Moving water is nothing to f*ck with.
One time my friend was like getting to close to a passing train, and a homeless man in a deep growly voice said "Don't f*ck with the train, man." I don't know why it stuck with me, probably the thought of what he's seen.
The only people to be able to shake down the Mob is the IRS. That should tell you everything you need to know about the IRS. Uncle Sam wants his f*ckin cut.
John Wick's dog
Keep It Real
I was about to head out to work and wanted to get a little bit stoned before because i hated my job. Went over to my cousin's house to smoke some synthetic legal weed with him and his buddy. They were smoking it out of a bong. They were experienced with the stuff and I guess had built up a tolerance to it. I had smoked it once before by myself and had experienced being just a little too high. I just slept it off at the time because I was at home. Anyway, I made the mistake of taking a big ol' hit out of the bong. They were both like "Jesus dude that was maybe too much there". And they were right. I was immediately waaaaaay too high. So after sitting on the couch and freaking them out by talking about how I was about to die, I bolted out of cuz's house and ran down the street trying to get away from from the situation and them. I jumped onto a stranger's motorcycle parked on the street and tried to start it. My cousin and his friend had to drag me off of it and back down the street while I was gasping for breath and the owner of the motorcycle followed us down the street threatening to beat my ass. And I didn't come down for about an hour. It got worse after they got me back in the house. I was sure that I had died and was on my way to hell because I was experiencing time loops.
It was pretty terrifying. Definitely never again.
Obligatory Princess Bride Reference
A Sicilian when death is on the line?
Just Take The F
Hydrofluoric acid. In fact just...don't get near it. At all. Ever. For any reason. It's thankfully banned from my school's chem labs and probably most public college and university chem labs, because as a general rule of thumb, EVERYONE is too much of a dumbass to deal with hydrofluoric acid. Hydrofluoric acid does not care who you are. It does not care why you're here. It does not care what you're doing. You get that shit on you, you will die. It is corrosive. It doesn't give a fuck if you need those bones in your body. It will eat through them anyway on its epic quest to fulfill its sole purpose of eating through everything it fucking touches. The bones and organic material in a human body are no different than the rocks, glass, and steel it's used to eat through. It will go through your skin, your tissues, your bones, and it WILL make its way into your bloodstream where it will have a particularly nasty reaction with the blood calcium and you die.
Nothing is worth potential contact with that real life eldritch abomination from the bowels of hell. I won't even enter a room if people are working with it in there. Like I said, it's banned from my college campus from what I was told by my geo and chem profs, and I don't think it is cleared for use anywhere on the campus at all (even the grad labs). But if I ever did end up in a lab where the criteria was "use hydrofluoric acid for anything at all" I'd skip the lab and take the f*cking F.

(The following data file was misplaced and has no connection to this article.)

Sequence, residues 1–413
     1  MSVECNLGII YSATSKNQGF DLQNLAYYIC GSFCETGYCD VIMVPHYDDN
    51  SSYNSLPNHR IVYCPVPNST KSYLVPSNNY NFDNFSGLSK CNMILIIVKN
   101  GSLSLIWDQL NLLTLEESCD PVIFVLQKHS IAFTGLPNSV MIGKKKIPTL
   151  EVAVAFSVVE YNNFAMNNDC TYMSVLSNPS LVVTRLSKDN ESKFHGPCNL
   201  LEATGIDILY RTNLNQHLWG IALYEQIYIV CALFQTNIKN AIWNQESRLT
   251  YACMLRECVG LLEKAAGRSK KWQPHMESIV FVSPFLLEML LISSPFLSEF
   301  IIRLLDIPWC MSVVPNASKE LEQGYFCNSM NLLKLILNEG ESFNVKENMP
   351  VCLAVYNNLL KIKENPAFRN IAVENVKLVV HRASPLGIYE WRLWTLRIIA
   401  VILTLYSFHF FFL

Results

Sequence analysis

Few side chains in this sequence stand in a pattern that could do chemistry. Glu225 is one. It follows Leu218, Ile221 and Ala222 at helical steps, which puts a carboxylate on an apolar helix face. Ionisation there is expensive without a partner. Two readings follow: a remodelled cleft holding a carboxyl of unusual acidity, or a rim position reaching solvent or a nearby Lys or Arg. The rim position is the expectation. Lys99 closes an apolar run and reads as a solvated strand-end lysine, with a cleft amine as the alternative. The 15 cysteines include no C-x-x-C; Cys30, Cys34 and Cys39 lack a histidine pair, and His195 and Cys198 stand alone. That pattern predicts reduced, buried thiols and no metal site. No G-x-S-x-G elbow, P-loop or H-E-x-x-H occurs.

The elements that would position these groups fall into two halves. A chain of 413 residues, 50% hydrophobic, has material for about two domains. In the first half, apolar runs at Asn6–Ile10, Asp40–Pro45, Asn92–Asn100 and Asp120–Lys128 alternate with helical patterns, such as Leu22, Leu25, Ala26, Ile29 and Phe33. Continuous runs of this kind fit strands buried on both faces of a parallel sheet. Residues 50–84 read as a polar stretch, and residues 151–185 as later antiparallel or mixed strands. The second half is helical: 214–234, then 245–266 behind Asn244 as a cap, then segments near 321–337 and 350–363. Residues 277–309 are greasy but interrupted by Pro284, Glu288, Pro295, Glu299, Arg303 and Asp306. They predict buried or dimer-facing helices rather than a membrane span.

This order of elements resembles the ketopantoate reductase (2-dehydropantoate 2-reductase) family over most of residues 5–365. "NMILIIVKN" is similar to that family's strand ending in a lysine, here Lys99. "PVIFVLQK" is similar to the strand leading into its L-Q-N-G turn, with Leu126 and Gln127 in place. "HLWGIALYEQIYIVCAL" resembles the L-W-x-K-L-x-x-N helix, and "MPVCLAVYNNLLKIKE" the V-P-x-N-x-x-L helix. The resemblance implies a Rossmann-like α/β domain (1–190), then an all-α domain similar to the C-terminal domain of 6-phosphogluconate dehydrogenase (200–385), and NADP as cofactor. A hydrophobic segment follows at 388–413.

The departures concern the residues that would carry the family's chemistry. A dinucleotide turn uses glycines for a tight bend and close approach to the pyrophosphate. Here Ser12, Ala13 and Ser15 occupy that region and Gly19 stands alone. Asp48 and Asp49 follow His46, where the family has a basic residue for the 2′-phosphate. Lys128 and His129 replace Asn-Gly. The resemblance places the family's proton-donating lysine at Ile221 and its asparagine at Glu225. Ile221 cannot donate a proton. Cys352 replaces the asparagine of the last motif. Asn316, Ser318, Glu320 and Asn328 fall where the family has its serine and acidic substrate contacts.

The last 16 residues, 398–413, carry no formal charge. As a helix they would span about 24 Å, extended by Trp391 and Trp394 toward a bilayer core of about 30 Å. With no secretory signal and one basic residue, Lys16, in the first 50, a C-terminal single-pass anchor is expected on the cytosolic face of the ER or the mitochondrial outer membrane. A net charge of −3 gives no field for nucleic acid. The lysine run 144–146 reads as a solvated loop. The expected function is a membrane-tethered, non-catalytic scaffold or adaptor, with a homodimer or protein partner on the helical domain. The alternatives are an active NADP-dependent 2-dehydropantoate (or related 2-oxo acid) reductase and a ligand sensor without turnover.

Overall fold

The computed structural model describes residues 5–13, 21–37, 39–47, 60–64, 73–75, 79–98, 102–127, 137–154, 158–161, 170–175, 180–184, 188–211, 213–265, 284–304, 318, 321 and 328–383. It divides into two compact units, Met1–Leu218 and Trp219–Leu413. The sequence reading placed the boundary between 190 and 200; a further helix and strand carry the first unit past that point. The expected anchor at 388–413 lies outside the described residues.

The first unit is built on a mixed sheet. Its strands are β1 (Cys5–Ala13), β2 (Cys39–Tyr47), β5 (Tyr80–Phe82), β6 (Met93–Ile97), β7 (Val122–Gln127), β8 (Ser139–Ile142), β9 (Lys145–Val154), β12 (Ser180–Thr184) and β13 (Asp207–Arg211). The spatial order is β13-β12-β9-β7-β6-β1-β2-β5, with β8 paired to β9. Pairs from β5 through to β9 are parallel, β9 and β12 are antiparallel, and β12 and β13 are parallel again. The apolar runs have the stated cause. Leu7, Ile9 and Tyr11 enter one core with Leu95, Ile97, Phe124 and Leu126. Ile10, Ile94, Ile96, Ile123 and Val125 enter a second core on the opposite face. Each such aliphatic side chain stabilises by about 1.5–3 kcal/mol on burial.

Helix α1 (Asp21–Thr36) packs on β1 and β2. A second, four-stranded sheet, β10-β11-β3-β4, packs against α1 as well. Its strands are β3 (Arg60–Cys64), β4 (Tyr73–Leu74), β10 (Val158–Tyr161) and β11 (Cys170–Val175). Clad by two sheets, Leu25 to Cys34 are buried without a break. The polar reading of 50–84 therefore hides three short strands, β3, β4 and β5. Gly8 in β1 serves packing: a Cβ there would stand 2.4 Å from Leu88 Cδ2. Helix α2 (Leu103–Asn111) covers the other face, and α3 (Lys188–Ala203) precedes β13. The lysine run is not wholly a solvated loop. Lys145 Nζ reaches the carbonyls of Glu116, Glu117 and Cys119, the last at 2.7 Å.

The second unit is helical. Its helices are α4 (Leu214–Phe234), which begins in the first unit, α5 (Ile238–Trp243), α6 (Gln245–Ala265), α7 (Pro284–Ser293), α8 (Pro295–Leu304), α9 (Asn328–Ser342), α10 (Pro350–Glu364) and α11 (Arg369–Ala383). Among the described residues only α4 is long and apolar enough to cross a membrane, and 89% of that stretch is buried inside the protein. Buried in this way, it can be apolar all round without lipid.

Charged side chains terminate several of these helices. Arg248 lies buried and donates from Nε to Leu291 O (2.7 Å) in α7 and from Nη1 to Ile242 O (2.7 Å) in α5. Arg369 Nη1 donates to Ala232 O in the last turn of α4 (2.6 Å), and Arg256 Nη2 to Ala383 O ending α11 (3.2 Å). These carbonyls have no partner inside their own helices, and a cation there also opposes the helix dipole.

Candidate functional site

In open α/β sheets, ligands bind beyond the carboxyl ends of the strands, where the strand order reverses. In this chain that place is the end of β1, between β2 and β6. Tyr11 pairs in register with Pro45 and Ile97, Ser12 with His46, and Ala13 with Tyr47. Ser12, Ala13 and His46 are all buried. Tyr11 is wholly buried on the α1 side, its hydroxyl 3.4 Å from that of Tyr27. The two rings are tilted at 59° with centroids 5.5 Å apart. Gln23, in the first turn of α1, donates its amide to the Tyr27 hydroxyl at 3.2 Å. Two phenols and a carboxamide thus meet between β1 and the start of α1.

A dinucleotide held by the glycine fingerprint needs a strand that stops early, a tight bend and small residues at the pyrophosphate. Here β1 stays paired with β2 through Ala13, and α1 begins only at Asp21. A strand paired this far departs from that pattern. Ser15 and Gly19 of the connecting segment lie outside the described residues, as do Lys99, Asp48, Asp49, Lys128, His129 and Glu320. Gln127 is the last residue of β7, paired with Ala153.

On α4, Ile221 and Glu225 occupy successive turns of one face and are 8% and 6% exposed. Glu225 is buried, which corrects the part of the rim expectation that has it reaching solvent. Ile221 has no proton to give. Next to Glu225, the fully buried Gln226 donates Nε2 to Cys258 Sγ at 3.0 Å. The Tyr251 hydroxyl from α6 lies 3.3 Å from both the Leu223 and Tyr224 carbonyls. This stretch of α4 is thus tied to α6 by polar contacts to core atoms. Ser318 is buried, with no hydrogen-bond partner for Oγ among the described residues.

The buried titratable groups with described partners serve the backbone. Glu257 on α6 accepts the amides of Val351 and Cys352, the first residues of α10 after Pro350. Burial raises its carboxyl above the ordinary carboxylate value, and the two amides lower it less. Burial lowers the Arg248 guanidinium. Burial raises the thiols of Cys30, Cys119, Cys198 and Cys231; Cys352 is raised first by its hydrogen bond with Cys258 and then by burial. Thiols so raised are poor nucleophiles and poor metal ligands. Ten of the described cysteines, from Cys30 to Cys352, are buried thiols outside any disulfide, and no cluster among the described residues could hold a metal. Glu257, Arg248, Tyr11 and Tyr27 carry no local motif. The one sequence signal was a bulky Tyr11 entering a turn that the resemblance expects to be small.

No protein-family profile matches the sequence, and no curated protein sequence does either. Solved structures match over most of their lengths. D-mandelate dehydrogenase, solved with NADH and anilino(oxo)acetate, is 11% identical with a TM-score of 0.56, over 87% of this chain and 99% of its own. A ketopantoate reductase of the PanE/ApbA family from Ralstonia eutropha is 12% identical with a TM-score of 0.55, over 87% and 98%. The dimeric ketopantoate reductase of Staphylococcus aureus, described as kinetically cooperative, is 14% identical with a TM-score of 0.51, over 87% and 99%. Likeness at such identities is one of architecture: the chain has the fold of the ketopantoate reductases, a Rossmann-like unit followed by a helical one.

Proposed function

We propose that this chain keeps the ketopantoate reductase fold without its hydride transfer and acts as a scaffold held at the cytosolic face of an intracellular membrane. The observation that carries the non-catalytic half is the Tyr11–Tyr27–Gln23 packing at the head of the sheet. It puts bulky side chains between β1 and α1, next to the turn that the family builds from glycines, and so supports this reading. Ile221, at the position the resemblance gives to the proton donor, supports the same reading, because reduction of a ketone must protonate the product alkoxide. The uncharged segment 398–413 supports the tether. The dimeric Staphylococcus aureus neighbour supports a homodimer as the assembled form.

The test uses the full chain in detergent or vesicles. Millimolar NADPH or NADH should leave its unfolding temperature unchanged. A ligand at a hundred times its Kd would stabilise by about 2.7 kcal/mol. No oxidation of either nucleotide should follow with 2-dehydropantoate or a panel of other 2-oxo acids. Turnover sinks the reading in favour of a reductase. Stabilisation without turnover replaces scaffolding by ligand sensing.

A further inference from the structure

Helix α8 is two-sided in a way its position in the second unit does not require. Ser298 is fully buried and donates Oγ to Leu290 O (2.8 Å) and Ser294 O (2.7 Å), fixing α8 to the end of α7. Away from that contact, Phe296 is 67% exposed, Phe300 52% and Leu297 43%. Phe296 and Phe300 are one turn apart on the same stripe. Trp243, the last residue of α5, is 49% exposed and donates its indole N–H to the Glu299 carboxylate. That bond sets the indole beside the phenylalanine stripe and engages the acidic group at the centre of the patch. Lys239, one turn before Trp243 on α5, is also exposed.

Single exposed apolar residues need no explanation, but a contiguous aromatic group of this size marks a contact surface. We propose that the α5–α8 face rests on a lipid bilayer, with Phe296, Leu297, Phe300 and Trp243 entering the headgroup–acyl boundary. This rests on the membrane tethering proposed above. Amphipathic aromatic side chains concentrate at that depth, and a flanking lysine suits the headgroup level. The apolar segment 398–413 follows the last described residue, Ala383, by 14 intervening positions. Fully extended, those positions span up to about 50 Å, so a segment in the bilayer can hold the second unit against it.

The Nice Ones
A really genuine nice person.
If you torment them enough, their reaction will be thoroughly unpleasant.
Crows. They remember individual faces and have their own language so they basically tell other crows that a paricular human has pissed them off. Scientists did experiments.
Raise your hands--who had an emo phase in the 2000s? I know I did, as did a lot of people around me. All of us heard “It's just a phase" from our parents at some point, but when you're a kid, life as we know it seems so permanent.
Of course, most of the time, it was “just a phase". And looking back, those phases are regrettable, to say the least. Here are some prime examples of that.
What was your biggest/most regrettable "It's not a phase, mom. It's my life." that, in fact, turned out to be just a phase and not your life?
The enthusiasm of a young person can lead to some unexpected changes that parents are just not ready for.
I was VERY into The Transformers when I was a wee lad in the 1980s. One day, I decided to change my name to the name of my favorite Autobot. My name was lame, and I wanted an awesome Transformer name. And I was VERY insistent that my parents only call me by my new name. Calling me by my 'old' name would cause a big fat tantrum on my part.
So for the better part of a week, my poor parents had to call me Wheeljack.
Very 2008.Ariana Grande Shrug GIFGiphy
My cat-ear phase. I wore cat ears every single day. Everywhere. I had like 20 pairs of them. Now everyone thinks I'm a furry.
I find that very cute and wouldn't have thought you'd be furry. Even if you'd had cat mittens. I think my suspicions would have started if you moved a bit like a cat, displayed catlike grooming habits or got a cat mask.
Not gonna lie, that car sounds cool.
I went to a car show once as a teen, and the only newer car there was some chick's PT cruiser. It was hot glittery pink, and at the time I was obsessed. I insisted that one day I would have a hot pink car, with pink seats, pink dash, pink carpets, etc. I was pretty heavily goth at the time, so my parents just rolled their eyes.
These phases can often lead to some very strange fashion choices.